Monday, June 27, 2011
Click on picture(s) for a larger view.
Solution by Tony Leukering
From Chishun Kwong: "This is probably the hardest-to-spell set of names in all the answers I've submitted over the years. ;)"
Perhaps, instead of "The one species of cormorant present is truly pelagic," I should have had the caveat put up with the quiz picture read The sole species of cormorant present is truly pelagic. I apologize for not anticipating my caveat being misunderstood, as it obviously was. That caveat/hint was to serve two purposes, one of which was to let folks know that there was only one species of cormorant in the picture. I did this primarily because at least three of the cormorants are represented only by heads or just a bit more than heads.
This quiz picture also has two bits of birds that I consider unidentifiable: the white blob in the middle of the row of swimming birds (if it's even a bit of a bird) and the brown thing on the right end of that row. While the latter might be a shearwater, it could be something else entirely. Or, rather, some part of something else entirely, and I do not believe that that something else is at all definitively identifiable.
As far as identifiable birds, I'll start with the bird in the front of the picture, in the bottom right. The combination of orange bill, white facial stripes, all-dark wings, rotund body, white belly and vent, and -- oh -- the erect white "horn" between eye and bill leaves only Rhinoceros Auklet as a viable ID option.
While one respondent, from the wording of the response, would obviously quibble with my meaning behind the phrase "truly pelagic," I intended that phrase to mean that it is regularly found very far out at sea, unlike most cormorants, which tend to stick fairly close to land. It is a widespread birding joke on the West Coast that Pelagic Cormorant is the least-pelagic cormorant along the West Coast, typically not venturing far from land -- though that land may be an island fairly far offshore (e.g., Southeast Farallon Island, CA). The "truly pelagic" cormorant that I was hinting at is Brandt's Cormorant, a species that is regularly seen >30 miles from land. The two book-end cormorants show the buff-yellow patch of color at the gular that is so typical of the species and the other bits and bobs of cormorants are all Brandt's -- at least, they were when I took the picture well off Santa Barbara, Santa Barbara Co., CA, on 1 March 2009. While a couple of the heads seem to be smaller and/or with smaller bills, I believe that to be illusion, at least partially due to the varying angles of the heads relative to the camera. Also, Pelagic Cormorant always strikes me as odd-looking, because the bill looks like it doesn't belong to the head, it's just been shoved into it. That is, the front part of the head does not taper at all to the bill -- there's a head, then, suddenly, a sticky-out thing poking out of the head. Regardless, while I'm positive that all the cormorants were Brandt's when I took the picture, some may not actually be definitively identifiable given this single view.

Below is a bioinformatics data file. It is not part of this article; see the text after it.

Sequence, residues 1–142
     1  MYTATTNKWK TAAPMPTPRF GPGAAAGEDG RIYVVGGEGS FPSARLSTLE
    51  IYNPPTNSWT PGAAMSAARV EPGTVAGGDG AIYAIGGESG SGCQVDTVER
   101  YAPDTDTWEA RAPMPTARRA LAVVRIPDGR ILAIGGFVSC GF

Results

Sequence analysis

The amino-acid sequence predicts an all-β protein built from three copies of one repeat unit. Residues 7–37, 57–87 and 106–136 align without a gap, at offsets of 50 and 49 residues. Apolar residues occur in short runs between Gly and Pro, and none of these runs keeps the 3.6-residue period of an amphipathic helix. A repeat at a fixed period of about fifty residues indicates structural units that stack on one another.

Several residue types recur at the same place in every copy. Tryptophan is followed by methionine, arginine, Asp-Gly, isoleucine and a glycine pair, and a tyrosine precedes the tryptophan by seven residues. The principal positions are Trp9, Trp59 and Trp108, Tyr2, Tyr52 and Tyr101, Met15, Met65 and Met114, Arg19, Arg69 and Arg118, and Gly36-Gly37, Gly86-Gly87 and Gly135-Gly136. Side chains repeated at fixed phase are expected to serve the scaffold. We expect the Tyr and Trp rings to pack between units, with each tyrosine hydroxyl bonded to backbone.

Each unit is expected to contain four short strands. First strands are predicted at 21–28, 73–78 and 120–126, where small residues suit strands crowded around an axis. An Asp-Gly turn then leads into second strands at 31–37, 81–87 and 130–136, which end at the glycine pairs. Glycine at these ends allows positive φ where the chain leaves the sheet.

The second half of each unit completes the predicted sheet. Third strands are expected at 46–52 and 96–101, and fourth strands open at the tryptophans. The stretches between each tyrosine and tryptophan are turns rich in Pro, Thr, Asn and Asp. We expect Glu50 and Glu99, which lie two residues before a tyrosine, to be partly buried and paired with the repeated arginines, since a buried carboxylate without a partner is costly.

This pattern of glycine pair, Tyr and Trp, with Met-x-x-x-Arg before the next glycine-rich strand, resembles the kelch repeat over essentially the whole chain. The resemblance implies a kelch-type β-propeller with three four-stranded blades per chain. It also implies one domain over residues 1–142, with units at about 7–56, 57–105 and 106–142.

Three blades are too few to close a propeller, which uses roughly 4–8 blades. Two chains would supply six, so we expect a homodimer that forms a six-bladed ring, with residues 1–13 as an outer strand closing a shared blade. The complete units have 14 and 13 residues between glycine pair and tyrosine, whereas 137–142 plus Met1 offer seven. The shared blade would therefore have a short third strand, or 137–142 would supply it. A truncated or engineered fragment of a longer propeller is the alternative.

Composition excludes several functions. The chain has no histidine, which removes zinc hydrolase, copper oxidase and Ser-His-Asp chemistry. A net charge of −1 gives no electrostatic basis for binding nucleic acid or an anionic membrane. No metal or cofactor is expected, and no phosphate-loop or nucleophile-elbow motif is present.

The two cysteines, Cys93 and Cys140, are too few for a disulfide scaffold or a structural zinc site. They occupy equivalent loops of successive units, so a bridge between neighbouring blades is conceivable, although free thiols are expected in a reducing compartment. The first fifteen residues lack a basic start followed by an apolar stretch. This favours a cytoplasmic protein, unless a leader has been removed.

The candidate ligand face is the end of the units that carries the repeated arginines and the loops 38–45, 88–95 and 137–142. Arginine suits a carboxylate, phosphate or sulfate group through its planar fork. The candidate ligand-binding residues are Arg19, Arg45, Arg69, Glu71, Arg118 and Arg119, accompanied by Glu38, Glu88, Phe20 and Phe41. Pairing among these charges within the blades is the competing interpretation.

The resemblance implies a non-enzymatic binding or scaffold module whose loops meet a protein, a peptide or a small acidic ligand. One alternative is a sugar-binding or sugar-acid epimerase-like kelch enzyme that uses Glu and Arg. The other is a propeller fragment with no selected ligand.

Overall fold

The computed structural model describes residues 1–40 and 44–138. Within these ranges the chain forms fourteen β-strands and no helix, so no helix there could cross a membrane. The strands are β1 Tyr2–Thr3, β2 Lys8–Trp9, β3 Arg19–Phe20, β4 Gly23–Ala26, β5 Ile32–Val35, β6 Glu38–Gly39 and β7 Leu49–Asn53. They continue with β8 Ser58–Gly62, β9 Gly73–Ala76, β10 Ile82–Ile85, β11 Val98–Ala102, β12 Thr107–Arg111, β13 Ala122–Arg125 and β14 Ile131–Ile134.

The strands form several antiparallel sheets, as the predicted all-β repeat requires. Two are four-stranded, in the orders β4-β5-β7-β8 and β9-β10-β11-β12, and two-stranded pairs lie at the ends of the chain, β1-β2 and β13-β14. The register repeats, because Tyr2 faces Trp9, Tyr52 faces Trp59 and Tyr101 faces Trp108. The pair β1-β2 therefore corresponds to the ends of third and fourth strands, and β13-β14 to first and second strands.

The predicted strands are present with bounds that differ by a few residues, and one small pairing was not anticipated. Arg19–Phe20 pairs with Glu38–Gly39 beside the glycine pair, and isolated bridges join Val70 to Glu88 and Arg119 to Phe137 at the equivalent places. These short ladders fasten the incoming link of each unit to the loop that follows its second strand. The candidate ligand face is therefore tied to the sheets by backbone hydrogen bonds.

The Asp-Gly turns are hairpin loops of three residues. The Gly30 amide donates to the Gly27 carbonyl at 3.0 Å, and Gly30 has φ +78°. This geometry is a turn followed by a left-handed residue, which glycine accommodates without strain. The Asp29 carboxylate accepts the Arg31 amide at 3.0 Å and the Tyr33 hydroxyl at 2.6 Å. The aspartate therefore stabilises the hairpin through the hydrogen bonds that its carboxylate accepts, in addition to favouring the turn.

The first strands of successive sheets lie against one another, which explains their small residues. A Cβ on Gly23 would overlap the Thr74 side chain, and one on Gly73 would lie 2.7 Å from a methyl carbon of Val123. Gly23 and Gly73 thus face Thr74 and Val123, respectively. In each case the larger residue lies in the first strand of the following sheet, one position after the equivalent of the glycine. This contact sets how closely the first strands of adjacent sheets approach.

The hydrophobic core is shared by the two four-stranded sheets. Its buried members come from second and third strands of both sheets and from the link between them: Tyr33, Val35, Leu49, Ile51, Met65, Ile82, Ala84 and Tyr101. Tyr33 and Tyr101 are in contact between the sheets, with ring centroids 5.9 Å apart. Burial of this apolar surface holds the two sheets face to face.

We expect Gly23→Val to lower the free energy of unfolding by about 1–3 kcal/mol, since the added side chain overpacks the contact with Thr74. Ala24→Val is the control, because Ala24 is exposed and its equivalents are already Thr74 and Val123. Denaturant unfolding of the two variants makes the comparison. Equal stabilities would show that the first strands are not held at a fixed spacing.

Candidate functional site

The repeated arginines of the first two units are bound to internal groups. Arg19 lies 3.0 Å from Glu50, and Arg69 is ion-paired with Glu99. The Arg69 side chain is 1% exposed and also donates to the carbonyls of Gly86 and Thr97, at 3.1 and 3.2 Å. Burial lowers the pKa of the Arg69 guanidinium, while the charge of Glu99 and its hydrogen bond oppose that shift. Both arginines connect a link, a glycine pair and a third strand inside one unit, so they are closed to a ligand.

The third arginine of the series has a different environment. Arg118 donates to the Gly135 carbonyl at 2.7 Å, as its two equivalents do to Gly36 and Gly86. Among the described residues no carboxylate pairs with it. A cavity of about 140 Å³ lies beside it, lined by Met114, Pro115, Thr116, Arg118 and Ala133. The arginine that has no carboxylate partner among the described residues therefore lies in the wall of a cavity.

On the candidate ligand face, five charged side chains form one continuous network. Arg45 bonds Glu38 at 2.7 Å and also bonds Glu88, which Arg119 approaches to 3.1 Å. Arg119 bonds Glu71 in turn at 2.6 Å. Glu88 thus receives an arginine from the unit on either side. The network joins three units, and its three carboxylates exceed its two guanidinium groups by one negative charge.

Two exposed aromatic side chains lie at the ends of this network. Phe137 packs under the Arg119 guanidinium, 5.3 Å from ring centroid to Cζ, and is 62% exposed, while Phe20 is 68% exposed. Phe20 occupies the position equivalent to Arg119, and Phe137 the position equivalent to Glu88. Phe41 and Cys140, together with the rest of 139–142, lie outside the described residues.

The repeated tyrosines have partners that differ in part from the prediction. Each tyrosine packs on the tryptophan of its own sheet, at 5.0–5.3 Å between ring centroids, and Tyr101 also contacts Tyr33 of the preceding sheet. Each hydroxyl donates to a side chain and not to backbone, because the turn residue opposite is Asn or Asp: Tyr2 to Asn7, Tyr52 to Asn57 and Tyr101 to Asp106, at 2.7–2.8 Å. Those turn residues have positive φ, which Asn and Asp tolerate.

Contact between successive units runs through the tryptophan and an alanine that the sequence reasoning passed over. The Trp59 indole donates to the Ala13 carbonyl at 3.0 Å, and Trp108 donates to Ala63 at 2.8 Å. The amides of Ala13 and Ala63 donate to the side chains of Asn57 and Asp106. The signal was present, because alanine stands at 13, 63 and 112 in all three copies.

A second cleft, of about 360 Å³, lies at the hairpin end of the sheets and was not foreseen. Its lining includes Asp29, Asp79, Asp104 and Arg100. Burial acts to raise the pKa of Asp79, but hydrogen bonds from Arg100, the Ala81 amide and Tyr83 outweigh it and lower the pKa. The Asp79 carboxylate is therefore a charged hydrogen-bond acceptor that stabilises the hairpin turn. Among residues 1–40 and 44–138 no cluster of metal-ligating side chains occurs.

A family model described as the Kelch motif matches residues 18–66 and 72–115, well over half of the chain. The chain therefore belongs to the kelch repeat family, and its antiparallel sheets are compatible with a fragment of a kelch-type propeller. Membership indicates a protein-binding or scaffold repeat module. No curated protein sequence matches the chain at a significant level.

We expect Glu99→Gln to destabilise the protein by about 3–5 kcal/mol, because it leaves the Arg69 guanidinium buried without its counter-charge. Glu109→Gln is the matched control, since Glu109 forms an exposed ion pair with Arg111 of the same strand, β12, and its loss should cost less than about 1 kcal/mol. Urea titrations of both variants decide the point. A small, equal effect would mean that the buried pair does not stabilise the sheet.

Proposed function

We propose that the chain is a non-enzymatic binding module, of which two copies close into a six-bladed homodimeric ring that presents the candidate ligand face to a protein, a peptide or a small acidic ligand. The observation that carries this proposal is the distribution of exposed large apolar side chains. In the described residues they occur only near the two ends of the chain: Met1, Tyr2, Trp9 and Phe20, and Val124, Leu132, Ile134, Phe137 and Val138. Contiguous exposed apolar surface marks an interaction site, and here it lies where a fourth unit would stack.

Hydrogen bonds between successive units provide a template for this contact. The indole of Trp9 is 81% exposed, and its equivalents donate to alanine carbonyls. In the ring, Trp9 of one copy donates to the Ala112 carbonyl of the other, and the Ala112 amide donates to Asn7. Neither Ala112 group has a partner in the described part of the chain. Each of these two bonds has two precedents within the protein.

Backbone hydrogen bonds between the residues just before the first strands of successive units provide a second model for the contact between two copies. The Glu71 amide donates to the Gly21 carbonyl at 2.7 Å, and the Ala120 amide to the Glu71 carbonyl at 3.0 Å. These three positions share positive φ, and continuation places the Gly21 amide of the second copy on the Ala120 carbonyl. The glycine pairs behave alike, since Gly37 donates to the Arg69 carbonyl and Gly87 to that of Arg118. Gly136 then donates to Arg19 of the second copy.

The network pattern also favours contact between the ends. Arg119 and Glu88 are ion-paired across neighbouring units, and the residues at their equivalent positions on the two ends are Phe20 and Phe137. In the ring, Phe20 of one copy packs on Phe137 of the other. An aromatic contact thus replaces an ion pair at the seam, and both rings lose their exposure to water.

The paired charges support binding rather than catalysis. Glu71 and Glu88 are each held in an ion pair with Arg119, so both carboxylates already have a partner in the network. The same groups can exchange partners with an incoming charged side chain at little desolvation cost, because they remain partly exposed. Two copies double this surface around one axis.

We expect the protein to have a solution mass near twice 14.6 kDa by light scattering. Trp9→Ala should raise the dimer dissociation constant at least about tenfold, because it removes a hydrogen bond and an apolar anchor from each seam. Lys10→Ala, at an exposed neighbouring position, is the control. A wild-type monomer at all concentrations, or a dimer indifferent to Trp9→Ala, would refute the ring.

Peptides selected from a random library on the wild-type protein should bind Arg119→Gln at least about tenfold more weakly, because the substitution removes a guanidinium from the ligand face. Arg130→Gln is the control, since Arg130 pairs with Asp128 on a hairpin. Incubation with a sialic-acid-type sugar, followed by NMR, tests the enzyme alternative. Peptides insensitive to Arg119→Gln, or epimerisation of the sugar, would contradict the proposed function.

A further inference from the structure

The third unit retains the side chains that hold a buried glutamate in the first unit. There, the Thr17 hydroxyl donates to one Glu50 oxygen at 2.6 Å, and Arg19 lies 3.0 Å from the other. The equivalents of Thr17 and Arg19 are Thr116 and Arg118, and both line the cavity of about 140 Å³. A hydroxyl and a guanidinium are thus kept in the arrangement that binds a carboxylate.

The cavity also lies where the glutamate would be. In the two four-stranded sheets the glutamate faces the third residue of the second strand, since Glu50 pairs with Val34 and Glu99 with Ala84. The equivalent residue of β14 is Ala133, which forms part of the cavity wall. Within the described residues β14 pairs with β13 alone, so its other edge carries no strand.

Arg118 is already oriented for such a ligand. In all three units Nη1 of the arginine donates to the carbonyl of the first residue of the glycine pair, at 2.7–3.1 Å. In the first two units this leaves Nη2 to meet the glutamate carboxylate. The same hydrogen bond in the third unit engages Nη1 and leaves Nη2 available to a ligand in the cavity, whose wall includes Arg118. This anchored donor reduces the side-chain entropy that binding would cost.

The last species present is just about my favorite gull, Heermann's Gull (and there are three of 'em), as evidenced by the orange-red bills, dusky to whitish heads, very dark upperparts plumage, and underparts plumage a variable shade of gray.
Two respondents got no incorrect species, but did not provide enough correct ones.
With this being the last quiz of the quarter, it is time to announce the winner of the quarterly competition. In a stunning come-from-behind victory, Chishun Kwong eked out a win by one bonus point over Christopher Hinkle, both of whom scored 11 correct answers during the quarter. Six others were one correct answer behind. Congratulations to Chishun for winning a year's membership to the Colorado Field Ornithologists!
Incorrect species provided as answers:
Sooty Shearwater - 2
Pelagic Cormorant - 5
Pink-footed Shearwater - 2
Congratulations to the 6 of 15 getting the quiz correct:
Answer: Brandt's Cormorant, Heermann's Gull, Rhinoceros Auklet